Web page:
Hynix Announces 4GB LPDDR3 for Mobile Devices

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More and more devices this year come with 2GB RAM in 4x 4Gbit configuration, and this is about the limit today because there aren’t 8Gbit (1GB) mobile RAM chipset available. This is about the change as Hynix has just announced they have developed 8Gbit LPDDR3 based on 20nm process technology.

Hynix 8Gb LPDDR3

Hynix new memory can be stacked up to provide 4GB (Gigabyte) in a single package that can be provided as ‘PoP’ (Package on Package), or the memory can be bundled with eMMC. Existing LPDDR3 chipsets work at up to 1600Mbps, but Hynix memory will be able to achieve 2133Mbps data transmission speed, an increase of about 33 percent. That means it can process up to 8.5GB of data per second in a single channel, and 17GB in a dual channel using 32-bit I/O.

Samples have already been shipped to customers, mass production should start at the end of this year, with products, such as high-end smartphones, tablets, and ultrabooks, likely becoming available late 2013, early 2014.

Unless Android is preparing something special, I don’t really see this amount of memory really useful for this operating system. However, I totally envision Ubuntu Touch devices taking advantage of the extra memory in desktop mode, and depending on what you do, you may not really need a laptop or desktop PC anymore, even at work. Hynix also mentioned ultrabook, so I assume their memory may also be used in Intel and AMD based devices running Windows 8 or Ubuntu in order to improve power efficiency.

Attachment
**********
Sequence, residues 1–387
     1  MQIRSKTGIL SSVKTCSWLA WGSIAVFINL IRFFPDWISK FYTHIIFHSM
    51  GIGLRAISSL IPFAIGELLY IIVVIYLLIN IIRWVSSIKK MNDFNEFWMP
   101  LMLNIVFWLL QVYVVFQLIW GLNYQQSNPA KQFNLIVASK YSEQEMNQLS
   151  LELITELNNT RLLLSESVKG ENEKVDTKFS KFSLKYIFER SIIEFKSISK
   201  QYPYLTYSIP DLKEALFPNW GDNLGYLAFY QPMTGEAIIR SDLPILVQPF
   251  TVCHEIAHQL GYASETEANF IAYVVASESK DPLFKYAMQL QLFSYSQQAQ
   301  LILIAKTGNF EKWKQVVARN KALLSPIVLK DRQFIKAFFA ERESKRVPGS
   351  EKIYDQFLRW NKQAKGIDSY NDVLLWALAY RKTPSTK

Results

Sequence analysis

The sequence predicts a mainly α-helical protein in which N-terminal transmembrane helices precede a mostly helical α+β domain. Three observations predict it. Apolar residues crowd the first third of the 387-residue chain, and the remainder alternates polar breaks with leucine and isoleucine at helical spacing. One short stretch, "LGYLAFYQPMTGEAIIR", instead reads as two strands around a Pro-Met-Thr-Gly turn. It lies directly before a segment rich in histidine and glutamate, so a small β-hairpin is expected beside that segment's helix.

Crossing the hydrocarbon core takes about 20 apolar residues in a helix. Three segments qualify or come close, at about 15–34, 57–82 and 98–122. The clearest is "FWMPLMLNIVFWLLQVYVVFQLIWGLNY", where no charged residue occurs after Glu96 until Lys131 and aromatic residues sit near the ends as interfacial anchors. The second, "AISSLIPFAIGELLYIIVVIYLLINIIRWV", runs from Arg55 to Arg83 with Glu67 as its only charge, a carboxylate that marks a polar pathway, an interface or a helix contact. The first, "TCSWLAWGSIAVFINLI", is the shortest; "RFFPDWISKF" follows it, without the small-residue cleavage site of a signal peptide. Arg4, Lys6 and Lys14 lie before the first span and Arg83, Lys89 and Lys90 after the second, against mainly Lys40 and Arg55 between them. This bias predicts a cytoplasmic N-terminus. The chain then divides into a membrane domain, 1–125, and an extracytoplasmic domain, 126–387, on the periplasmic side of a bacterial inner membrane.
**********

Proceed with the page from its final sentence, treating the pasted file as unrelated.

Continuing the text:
The next step, 8GB RAM, won’t necessarily require 64-Bit ARM processor, as ARM addresses the 4GB limitation with LPAE (Large Physical Address Extensions), allowing up to 1TB address space on Cortex A7, A12 and A15 processors. With those extensions, the only limit will be 4GB per application.

Via Liliputing and Android Authority.

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Imagine an HDMI stick with 4 A15 cores and 4 GB of RAM. Its biggest weakness will then be the speed of built-in flash storage, I guess.


Does anyone else make DDR these days?
Wonder why they skipped LPAE in Cortex A9…


Why would a RAM module have an eMMC interface? Isn’t that just for flash?


I’ve actually been waiting for 16 GByte SO-DIMM DDR modules for notebooks, especially because RAM has been dirt cheap. 8 GByte modules have been available for two years now, but more doesn’t seem to be supported by the DDR3 standard. Intel’s Haswell hasn’t addressed so far, and DDR4 will not even be supported by most Broadwell chips (only some).

The question is, have we arrived in ‘good enouh’ territory for our computing needs? Are ultrabooks with high DPI and fast SSDs all we need? The progress in embedded territory is exciting, but the harder-faster-stronger trend seems to be dead.

I honestly don’t want my phone to have more RAM than my high-performance mobile workstation, but we’ll be getting there.


we all know what Linus said about PAE 😉